Getting married is an exciting and memorable time in life—yet the costs that go into planning and putting on the big day are often not worth celebrating. Everyone wants their dream wedding but the financial implications may cause you to reconsider when to splurge and when to pull back.
According to “The Knot 2016 Real Weddings Study,” the cost of the average wedding in the United States was $35,329 in 2016—excluding the honeymoon. Costs of all the moving parts of the day add up quickly, with the venue consistently ranking as the single most expensive item at an average of $16,107 in 2016.1 One of the most significant factors of the overall cost includes the geographical location of the wedding. Manhattan ranked as the most expensive location to get married in 2016, with an average cost of $78,464, while Arkansas ranked as the least expensive location, with an average cost of $19,522.1
Your wedding day is one of the biggest days of your life—but you may not want to spend years paying off the debt accumulated from it. So, what are a few steps you can take to keep the cost under control?
Developing a wedding budget is arguably the most important step to financially prepare. Start by breaking down the estimated cost of items, from reception bands to flowers to photographers to menu items, by collecting estimated quotes from vendors or shopping around. This will help generate the most realistic assessment of how much you will need to spend overall. As soon as you can, start tracking deadlines of payments for each item within your budget as well to avoid paying multiple items all at once. While it may be difficult to unfailingly stick to your budget—47% of couples reported spending more than they had budgeted for in 2016—having a budget in place will help you to stay on track.1 Download our wedding planning spreadsheet for some help getting started here.
In mapping out the costs of wedding day essentials, you and your significant other should also determine if any items have a higher priority than others. If you have your heart set on a specific venue for the reception or a certain caterer, specify that and plan accordingly. If you are determined to get married on a Saturday in June or October (two of the most popular wedding months), you may have to accept the higher costs associated with these dates.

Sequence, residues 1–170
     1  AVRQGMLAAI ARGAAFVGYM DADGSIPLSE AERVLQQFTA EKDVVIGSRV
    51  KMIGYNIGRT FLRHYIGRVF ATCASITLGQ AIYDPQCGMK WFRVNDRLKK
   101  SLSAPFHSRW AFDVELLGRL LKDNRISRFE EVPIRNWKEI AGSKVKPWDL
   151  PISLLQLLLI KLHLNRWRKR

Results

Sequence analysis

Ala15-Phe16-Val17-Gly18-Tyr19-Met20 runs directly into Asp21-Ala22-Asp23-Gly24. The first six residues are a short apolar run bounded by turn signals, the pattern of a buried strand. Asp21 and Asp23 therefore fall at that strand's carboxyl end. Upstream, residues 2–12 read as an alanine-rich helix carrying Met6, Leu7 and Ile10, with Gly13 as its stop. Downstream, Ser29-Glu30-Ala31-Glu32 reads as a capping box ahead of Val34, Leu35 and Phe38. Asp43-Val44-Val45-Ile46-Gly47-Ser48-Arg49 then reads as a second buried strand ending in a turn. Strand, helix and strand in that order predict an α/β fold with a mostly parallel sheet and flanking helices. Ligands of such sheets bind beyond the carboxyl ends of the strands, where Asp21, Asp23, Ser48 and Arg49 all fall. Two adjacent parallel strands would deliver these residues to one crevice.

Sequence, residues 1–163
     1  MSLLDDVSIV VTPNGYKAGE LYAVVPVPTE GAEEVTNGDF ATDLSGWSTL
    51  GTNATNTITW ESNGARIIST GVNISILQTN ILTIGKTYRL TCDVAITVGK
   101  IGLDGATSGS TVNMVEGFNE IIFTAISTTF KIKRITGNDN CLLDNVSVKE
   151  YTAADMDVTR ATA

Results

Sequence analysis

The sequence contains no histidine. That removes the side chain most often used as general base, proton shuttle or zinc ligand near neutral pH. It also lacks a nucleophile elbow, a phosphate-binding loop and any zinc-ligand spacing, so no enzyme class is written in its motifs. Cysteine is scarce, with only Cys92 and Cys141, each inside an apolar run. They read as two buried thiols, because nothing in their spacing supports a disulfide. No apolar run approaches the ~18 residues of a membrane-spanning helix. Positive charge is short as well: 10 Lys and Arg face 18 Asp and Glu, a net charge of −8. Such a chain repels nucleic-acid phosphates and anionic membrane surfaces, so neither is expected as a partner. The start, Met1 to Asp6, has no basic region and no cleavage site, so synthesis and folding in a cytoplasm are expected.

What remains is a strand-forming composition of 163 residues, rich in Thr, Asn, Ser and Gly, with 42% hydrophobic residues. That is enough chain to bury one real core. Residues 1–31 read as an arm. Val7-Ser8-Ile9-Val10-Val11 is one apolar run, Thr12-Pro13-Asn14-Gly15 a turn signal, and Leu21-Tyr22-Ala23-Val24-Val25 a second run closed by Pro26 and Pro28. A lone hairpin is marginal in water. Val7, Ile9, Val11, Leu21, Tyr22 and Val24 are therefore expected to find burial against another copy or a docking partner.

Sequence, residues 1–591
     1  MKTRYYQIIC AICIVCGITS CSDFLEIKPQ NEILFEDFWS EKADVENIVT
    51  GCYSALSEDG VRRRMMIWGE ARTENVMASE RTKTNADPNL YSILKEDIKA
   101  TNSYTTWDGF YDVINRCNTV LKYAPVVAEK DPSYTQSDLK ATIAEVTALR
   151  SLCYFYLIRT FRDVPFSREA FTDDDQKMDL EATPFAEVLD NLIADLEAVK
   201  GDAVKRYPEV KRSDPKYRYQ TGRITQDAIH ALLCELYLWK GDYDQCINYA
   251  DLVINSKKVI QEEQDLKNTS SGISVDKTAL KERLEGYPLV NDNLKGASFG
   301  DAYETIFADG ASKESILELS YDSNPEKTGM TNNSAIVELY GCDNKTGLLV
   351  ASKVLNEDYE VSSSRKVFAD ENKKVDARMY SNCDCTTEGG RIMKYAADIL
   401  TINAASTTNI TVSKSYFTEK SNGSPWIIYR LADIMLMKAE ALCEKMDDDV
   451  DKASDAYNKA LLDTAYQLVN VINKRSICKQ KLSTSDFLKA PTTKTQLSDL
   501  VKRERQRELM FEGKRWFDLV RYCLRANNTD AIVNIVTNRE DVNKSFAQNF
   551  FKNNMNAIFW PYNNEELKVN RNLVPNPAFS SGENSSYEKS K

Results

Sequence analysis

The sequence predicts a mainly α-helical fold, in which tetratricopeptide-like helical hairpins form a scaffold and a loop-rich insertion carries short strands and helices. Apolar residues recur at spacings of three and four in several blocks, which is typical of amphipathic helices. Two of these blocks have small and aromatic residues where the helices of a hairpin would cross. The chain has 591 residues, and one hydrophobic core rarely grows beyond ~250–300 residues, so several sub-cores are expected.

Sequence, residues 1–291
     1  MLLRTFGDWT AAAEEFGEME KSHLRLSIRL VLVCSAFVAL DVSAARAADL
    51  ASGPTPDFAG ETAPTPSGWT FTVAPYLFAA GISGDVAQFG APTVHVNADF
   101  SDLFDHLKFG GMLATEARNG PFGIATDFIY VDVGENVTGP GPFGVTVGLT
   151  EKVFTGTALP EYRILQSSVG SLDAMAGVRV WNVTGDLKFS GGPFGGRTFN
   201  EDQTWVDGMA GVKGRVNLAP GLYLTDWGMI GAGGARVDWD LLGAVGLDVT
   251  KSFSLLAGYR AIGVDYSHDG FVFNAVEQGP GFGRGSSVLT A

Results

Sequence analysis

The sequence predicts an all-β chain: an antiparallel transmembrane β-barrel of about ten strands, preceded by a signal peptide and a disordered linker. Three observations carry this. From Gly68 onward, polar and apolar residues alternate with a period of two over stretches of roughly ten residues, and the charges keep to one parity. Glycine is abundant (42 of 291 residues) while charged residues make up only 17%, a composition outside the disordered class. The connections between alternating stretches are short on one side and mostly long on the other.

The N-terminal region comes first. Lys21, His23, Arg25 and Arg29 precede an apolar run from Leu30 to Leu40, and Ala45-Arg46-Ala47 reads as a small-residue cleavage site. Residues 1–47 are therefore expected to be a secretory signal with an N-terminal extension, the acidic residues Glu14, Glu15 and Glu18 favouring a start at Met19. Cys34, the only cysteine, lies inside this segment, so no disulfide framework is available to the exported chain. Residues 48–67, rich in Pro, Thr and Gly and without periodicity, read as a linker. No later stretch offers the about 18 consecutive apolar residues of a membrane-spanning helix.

Another important factor intertwined with your budget is how the costs of the wedding will be covered. Traditionally, the bride’s parents pay for the majority of the wedding. Many couples are moving away from this—in 2016, the bride’s parents on average contributed 44% overall, while the betrothed couple contributed 42%, the groom’s parents contributed 13%, and other sources accounted for the rest.1 Depending on your situation, you may want to first establish a wedding budget where you and your significant other feel comfortable covering the costs in their entirety. Talk to your parents to determine if they are willing to contribute in any way, whether that is by covering a percentage of the overall cost or contributing to specific items. To help you stay organized, track who will be contributing what by listing the name of the designated individual next to each applicable item within your budget. Establishing who will be contributing and to what extent early on will help you budget more accurately as you inch closer to the wedding day.
Lastly, at some point before the wedding, take a break from planning and sit down with your significant other to discuss finances. While you may feel that you know your future spouse’s financial situation well enough to avoid the discussion, talking honestly about financial goals and values before you say “I do” can be extremely valuable. Some items to discuss include long-term goals (buying a home, saving for growing your family, saving for retirement, etc.), budgeting, how or if you will combine finances, estate planning, insurance, existing debt and repayment strategies, and more. This discussion can help you learn more about your future spouse’s views on money and help to start your marriage out on the right foot, financially. To dive a little deeper into this discussion, contact a financial advisor to go over some financial basics for soon-to-be newlyweds.
Wedding planning and its associated expenses can be stressful and seem endless. However, don’t lose sight of the end goal—your wedding day! Enjoy this time of starting your lives together as future spouses. For any additional financial advice or input you may require while wedding planning, reach out to one of our financial advisors in your area.
Written by North Star Resource Group.
1The Knot. “The Knot 2016 Real Weddings Study.” Published February 2016.
Financial Advisors do not provide specific tax or legal advice. This information should not be considered as specific tax or legal advice. You should consult your tax or legal advisor regarding your own specific tax or legal situation.
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